COVID-19: Implications for Mergers Between Competitors

Mergers

Competition and consumer protection authorities around the world have been kept particularly busy by the COVID-19 outbreak. Our previous newsletter, on the impact of COVID-19 on competition and consumer protection, discussed the responses of competition and consumer protection authorities, including the Nigerian Federal Competition and Consumer Protection Commission (FCCPC or the Commission), to exploitative practices (mainly, price gouging) and to co-operation and collaboration between competitors. It is clear that the lockdown measures implemented in various countries to curtail the spread of this global pandemic has had severe economic implications on businesses across the globe. Recent forecasts predict that the COVID-19 outbreak could cost the global economy US$2.7 Trillion.1 Businesses have experienced a sharp decline in revenue, especially those which operate non-essential services, and many companies have already begun to file for bankruptcy as a result of COVID-19. For example: (x) the jeans brand, True Religion Apparel Inc.;2 (y) Alpha Entertainment, the parent company of XFL, an American football league;3 and (z) the satellite company, OneWeb.4 We expect that there will be a record high number of bankruptcy filings in the coming months.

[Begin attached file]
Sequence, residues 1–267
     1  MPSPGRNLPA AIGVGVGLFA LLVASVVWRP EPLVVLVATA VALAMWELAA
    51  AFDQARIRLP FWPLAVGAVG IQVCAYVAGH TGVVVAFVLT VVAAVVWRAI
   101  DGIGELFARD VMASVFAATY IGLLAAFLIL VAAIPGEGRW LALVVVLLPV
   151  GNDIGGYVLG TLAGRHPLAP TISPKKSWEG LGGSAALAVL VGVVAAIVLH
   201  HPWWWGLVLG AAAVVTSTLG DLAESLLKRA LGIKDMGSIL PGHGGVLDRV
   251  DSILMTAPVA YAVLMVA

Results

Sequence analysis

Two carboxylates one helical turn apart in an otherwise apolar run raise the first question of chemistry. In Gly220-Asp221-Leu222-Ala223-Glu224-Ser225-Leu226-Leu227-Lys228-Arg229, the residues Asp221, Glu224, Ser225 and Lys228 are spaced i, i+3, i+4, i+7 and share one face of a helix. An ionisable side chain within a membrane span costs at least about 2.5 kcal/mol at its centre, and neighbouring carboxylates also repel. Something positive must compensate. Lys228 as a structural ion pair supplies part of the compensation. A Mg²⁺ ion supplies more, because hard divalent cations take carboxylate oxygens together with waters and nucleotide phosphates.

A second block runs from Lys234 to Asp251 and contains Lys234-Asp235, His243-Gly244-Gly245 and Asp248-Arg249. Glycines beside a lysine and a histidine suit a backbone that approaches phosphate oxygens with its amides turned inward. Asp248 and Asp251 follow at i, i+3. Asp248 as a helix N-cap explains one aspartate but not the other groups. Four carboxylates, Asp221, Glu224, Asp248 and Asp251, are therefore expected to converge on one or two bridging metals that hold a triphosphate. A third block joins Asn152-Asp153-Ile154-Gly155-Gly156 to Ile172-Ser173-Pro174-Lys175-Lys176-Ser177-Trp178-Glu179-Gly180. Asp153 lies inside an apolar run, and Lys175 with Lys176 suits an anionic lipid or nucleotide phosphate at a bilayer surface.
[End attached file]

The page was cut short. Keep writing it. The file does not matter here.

Given these dire economic conditions, mergers and competition law might not be the first port of call, but they are especially relevant. For instance, struggling businesses could undergo a merger to avoid going bankrupt. Where a merger is between competitors, an analysis of the potential anti-competitive effects of the merger becomes germane. Alternatively, competing businesses could decide to merge in order to combat the societal and economic effects of the outbreak. In this regard, we examine the current regulatory framework for mergers in Nigeria and the possible response of the Commission to the aforementioned scenarios.

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